When I look over my archive of the year, the second largest category of where I've taken my photos, after my garden, is Montlake Fill, a little birding sanctuary down the hill from my house. Lately it has become a frequent start to my day. I'll grab a breakfast sandwich and an organic coffee from the food co-op and bird and photograph the fill for an hour, after which I'm ready to park myself at the computer for the rest of the day.
I always take a camera, and I often get my Daily Photo done early in the day this way. Sometimes it's my G9, or a body with a macro lens, or a 300mm, or a wide angle. I'm not there to prepare for any eventuality—I'm there to respond with whatever camera and lens that I brought. Today I had my 5D and the 24-105 which, after last week's assignment, felt like a featherlight load. The day was gray and drizzly—the winter light is back. The dry season is done, and so are the spiders and their dew flecked webs. It's snowberry season, and the winter birds are starting to file in.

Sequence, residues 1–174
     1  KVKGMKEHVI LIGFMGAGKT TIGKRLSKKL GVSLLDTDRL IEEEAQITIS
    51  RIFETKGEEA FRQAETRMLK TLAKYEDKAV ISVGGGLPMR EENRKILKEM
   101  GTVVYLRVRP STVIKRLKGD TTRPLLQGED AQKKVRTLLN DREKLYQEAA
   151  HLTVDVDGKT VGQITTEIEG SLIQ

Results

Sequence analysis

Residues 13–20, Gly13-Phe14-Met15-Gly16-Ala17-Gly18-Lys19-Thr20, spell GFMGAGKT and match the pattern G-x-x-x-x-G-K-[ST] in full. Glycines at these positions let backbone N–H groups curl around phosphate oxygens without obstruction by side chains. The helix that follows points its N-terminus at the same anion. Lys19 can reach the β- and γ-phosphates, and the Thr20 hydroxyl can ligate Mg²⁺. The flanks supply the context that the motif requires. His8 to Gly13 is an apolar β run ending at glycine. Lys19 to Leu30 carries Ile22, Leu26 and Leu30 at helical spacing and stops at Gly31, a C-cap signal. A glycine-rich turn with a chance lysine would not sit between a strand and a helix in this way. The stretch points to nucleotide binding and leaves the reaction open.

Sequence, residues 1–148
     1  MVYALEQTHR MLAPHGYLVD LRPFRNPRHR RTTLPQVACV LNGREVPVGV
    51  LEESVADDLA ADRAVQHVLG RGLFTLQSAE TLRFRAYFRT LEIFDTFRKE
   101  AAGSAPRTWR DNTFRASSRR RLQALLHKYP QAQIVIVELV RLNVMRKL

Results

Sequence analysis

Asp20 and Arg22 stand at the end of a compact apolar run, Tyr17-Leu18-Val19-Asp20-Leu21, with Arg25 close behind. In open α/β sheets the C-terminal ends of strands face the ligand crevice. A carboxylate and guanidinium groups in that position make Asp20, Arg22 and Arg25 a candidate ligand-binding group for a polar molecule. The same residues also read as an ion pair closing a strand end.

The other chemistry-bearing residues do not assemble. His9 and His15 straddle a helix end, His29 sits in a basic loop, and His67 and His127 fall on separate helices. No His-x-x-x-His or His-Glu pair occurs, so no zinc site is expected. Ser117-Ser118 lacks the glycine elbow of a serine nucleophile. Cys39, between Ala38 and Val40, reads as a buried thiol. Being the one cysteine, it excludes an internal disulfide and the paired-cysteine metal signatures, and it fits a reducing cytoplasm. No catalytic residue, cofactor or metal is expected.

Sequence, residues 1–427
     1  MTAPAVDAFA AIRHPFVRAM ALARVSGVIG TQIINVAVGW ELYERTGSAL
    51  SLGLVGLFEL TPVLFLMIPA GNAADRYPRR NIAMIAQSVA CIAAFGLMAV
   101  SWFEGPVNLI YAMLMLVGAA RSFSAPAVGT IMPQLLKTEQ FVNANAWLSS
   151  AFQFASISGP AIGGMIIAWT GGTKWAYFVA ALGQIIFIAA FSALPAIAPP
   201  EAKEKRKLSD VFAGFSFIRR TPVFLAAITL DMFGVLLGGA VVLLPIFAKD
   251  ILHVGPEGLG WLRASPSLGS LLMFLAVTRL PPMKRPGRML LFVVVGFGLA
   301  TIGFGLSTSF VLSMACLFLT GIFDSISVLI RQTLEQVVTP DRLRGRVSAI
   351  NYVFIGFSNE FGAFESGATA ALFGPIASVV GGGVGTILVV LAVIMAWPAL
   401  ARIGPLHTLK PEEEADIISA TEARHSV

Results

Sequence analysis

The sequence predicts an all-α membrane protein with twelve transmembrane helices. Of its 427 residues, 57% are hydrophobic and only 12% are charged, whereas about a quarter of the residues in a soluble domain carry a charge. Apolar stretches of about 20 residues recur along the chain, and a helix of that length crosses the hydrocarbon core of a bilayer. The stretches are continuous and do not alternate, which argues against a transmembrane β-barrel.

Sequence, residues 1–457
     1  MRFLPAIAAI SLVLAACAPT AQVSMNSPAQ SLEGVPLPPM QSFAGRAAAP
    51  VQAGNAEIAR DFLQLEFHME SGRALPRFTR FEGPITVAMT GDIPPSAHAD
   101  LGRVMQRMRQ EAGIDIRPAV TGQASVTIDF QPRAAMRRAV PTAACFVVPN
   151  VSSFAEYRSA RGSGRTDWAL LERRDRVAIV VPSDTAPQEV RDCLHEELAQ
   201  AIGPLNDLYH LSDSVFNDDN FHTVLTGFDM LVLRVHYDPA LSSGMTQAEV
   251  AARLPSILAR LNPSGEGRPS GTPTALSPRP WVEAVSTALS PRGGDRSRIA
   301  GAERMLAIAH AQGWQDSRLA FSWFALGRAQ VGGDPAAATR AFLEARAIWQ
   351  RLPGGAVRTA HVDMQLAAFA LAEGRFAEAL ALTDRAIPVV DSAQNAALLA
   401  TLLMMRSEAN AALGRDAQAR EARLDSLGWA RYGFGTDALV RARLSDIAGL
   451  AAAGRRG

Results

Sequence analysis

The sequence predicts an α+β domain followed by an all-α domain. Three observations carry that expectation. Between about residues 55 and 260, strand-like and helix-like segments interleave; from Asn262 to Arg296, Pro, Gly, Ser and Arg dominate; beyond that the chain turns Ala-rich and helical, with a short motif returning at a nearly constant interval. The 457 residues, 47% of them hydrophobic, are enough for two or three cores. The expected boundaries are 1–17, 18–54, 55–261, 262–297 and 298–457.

Today I actually kept a bird list, which started filling in quickly with the usual suspects—Black capped Chickadee, Bewick's Wren, Goldfinch, House Finch, White Crowned Sparrow. Then a familiar v-shaped flock of geese overhead, but the call was wrong, and I identified them as White-fronted Geese, a new bird at the fill for me. They pass through the region on their migration from the arctic, but it's quite rare to see them in the city. They flew over the marsh, then u-turned north out of sight.
The winter contingent of Yellow-rumped Warblers were in, the Savannah Sparrows are out of molt and were everywhere. Then a swoop out of the corner of my eye, a burst of birds, and an adult male Cooper's Hawk lifted up and perched on a snag 30 feet away. No bird in its talons, a miss. Hundreds of finches and blackbirds were in the sky, the chickadees were alarming away at anyone who didn't already know, and then the fill got very quiet.
I saw a second Coopers a little later, an immature, and heard an Eagle. In the channel between the fill and the boathouse I saw a lone Western Grebe, another first at the fill for me, and an unusual bird to see in fresh water. Also Mallards, Gadwall, teal, coots, Pied-billeds, a couple of female Wood Duck. On the meadow I got a Western Meadowlark, unusual for the west side of the mountains, but three wintered here last year, and this may be one of them.
28 species in one hour. Not a bad way to start the day.